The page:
“I suppose you know why I want to talk to you, right?” asks the officer.
The officer tells the student to disperse the crowd gathered at home and finally asks to see his ID. After scanning it, call the student.
“Yes,” the student replied, adding “That was, um, a week ago.”
The officer asks the student if he should be in quarantine, and the student said that is why he was home.
“Do you have other people here and are you positive for Covid? Do you see the problem?” asks the officer.
Other people at home also tested positive for the virus, the student told the officer.
“That’s what we’re trying to prevent, you know? We want to keep this city open,” the officer says, with a sigh. “… So, you’re not in quarantine if you mix with other people.”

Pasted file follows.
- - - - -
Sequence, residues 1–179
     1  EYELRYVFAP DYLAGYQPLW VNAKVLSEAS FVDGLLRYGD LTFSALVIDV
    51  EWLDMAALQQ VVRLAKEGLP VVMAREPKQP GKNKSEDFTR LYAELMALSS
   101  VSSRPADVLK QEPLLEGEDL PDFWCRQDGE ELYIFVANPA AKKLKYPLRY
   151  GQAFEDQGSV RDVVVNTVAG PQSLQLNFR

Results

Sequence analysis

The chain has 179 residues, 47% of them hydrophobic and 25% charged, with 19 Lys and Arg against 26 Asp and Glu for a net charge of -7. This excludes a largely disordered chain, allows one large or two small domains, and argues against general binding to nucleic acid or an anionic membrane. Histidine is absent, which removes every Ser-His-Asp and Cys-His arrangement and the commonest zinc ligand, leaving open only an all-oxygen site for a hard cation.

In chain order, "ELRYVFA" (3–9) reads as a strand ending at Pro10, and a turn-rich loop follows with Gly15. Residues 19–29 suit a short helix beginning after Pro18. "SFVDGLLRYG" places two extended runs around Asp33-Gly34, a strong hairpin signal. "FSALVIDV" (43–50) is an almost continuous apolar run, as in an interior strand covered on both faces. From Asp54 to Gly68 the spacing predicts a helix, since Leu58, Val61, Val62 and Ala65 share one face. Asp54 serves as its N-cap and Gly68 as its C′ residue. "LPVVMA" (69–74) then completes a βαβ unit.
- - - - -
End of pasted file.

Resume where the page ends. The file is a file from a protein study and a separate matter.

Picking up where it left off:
Six people, five of whom lived in the house, received a subpoena, according to the police report. The Oxford Police Department told CNN in an email that subpoenas fines start at $ 500.
Five of those mentioned are listed on the Miami University web directory as students. The police report indicates that the sixth person identified himself as a student who had moved in with his parents and was visiting for the weekend.
Colleges struggled to curb the holidays
Miami University declined to comment on the matter, citing federal privacy laws, but added that students who violate quarantine orders or the city ordinance on mass meetings should face disciplinary action.